My favorite part of seeing a movie that I’ve seen a thousand times before is watching the extras.
That’s when a movie gets really good. When you love a movie and you’ve seen it a gazillion times before, like I have with, say, Tommy Boy**, the scenes become totally familiar to you. Popping that movie in the DVD player is like slipping your hand into a perfectly-fitted glove. You know exactly what the characters will say, how they’ll say it, and what the other characters will say in response. Over time, you get so familiar with the movie that you stop watching what you’re supposed to watch altogether. Then, you start noticing the parts of the movie in the background. Like the extras.
**- I mean, Chariots of Fire.
This is the best. It’s like discovering a second movie wrapped inside your already-favorite movie, a kind of Russian nesting doll of cinema. Check it out, the guy over Kevin Costner’s shoulder gets absolutely drilled in the face with a two-by-four in a second. Pay attention during this scene, one of the extras looks like he’s having a hernia. Watch the part where Daniel Day-Lewis is in the diner- there’s a guy in the background who eats an entire slice of pie in one bite.
I love that stuff. Extras are so much fun. They’re acting, but they’re doing so under the pretense that no one will ever pay attention to them, so they’re not trying super-hard. And if they are trying hard, they’re trying too hard, which is just as great. I’m convinced that the two most difficult jobs on any movie are “main star” and “person in the background trying to act like he’s talking on the phone without looking like a crazy person.” This is impossible to pull off without looking like you’re eating imaginary baby food.
I noticed something in John chapter 8 the other day that I’ve been trying to get a handle on. It’s a minor detail that John includes in the narrative. The Pharisees and law teachers capture an adulterous woman and bring her to Jesus, “trying to trap him into saying something they could use against him.” (v. 6) But Jesus turns the tables on them with his now-famous quote, “Let he who is without sin cast the first stone.”
What intrigues me is the sentence that immediately follows it: “When the accusers heard this, they slipped away one by one, beginning with the oldest, until only Jesus was left in the middle of the crowd with the woman.” (v. 9)
Beginning with the oldest. What’s that doing there? Is this just John, in full Ted Dekker storyteller mode, revealing his eye for the killer detail? Is it a throwaway clause, literary color to draw the reader deeper into the story? Why include it in the narrative, aside from the fact that it happened, in which case John is just being a faithful recorder of the event?
The commentaries I’ve read have not treated this detail with much regard- John Calvin alone singles it out. Meanwhile, other details have received their share of scholarly speculation. Perhaps, as some suggest, what Jesus “wrote in the dust” (v. 6,8) were the sins of the woman’s accusers, which is what caused them to flee. Maybe the Pharisees only know that she is an adulterer because they “caught” (v 4) the woman in flagrante delicto, which would make them voyeurs and thus equally sinful. But what about the leaving? Why would the oldest be the first to walk away?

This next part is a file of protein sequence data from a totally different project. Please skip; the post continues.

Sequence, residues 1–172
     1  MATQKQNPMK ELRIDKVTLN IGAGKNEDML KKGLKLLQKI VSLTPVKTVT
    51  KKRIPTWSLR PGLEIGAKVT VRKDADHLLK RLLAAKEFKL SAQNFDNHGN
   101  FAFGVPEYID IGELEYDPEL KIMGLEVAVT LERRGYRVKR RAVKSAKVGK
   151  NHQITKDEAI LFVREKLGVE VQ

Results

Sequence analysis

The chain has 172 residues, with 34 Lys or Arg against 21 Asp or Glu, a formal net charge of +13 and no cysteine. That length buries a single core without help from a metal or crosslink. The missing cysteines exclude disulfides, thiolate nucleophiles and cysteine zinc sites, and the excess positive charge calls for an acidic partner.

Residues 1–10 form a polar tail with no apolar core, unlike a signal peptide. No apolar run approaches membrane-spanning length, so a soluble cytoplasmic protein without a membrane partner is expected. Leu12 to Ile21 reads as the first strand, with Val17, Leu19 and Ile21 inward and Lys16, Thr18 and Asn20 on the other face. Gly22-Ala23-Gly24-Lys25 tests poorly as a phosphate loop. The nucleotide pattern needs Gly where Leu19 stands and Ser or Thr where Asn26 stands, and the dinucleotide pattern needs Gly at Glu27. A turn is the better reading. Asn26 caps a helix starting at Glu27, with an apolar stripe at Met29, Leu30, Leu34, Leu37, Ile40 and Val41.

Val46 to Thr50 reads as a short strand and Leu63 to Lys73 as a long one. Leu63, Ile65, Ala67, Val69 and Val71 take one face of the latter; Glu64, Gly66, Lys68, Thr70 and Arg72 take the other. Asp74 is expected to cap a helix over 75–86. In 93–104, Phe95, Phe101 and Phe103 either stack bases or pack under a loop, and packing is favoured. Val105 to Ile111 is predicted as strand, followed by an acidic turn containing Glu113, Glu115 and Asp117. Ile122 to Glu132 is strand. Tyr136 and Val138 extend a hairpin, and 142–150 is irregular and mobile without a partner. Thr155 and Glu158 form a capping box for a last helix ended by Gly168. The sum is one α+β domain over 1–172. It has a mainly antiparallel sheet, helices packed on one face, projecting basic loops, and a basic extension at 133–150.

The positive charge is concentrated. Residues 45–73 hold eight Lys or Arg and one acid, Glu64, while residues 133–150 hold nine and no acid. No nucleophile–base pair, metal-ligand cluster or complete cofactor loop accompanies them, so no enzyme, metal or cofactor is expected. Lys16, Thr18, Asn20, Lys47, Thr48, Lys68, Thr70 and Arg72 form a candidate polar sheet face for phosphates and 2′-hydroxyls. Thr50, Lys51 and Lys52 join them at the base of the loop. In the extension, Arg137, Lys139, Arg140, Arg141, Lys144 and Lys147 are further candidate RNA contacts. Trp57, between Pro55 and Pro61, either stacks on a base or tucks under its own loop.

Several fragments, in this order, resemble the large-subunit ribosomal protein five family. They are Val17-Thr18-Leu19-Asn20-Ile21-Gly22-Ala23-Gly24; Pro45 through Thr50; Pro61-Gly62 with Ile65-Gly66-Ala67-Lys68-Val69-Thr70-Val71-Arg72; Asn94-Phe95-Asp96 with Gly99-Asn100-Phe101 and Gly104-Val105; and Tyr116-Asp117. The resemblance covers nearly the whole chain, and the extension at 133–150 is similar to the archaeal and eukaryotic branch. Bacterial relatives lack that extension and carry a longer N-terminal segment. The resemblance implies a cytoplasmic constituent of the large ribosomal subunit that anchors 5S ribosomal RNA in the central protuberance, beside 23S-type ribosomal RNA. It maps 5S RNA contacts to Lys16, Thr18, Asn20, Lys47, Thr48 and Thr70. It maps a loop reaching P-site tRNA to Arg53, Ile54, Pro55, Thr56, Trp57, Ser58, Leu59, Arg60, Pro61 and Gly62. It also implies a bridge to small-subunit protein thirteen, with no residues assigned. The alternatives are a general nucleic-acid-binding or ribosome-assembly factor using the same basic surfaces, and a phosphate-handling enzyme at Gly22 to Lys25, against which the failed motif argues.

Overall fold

Let me add my own speculation to this tradition. I’d never say this in front of a seminary professor or teach it in a Sunday School class. But I’d write it in a blog post, just for you and I to see.
I think the oldest ones remembered their sins first.
The Bible makes it clear that the Pharisees were not the good guys of Jesus’ story. Sanctimonious, legalistic, power-hungry, among other things. But that description is also a caricature. It’s insufficiently nuanced. Because we know that the Pharisees were also people who’d dedicated their whole lives to following God. Surely their motives were not totally pure- Pharisees were an elite class, a power class, and belonging to their ranks meant possessing influence and status- but they must also have loved God, or at least wanted to honor God, at least a little bit. And so to enter fully into the story, we must grant these Pharisee characters the privilege of being fully human, mixed motives and all. They were God-seekers and God- worshipers who were also flagrantly God-dishonoring and God-ignoring.
I imagine it like this: Jesus speaks- “Let the one who has never sinned cast the first stone.” The youngest Pharisees feel nothing at first. Life still awaits them. They have not experienced what it feels like to fail, to really fall short. Whatever, Rabbi. I’m nothing like this whore. But the oldest men feel something different. Jesus’ words summon up the totality of their lives in an instant, much of it already gone by. Yes, they had been obedient men. But hadn’t they still needed the mercy of God? Hadn’t they still needed the sacrifices? Maybe they had not been an adulterer, but they’d lived long- long enough to accumulate their share of mistakes. Somewhere inside them, their self-righteousness implodes. He’s right. We shouldn’t be here. Turning to leave, they look over their shoulder and lock eyes with the younger ones, their younger selves. You’ll understand soon enough.
The spiritual benefit of long life is not in the accumulation of sins, but in the easy recall of the forgiveness that was needed to cover them. In our story, youth hesitated to leave, to concede, to admit that its righteousness blocked it from knowing God. But old age heard Jesus’ words, remembered its sins, and led the way in retreat.
This remembering of sins is the cornerstone of a cross-first, grace-filled Christian life. Whoever has been forgiven much, will love much. (Luke 7) That’s us- all of us- young and old alike. The trick is knowing it. And we don’t have to wait until we’re older to start living that way.
The woman’s accusers left beginning with the oldest.
Why not begin like you are the oldest?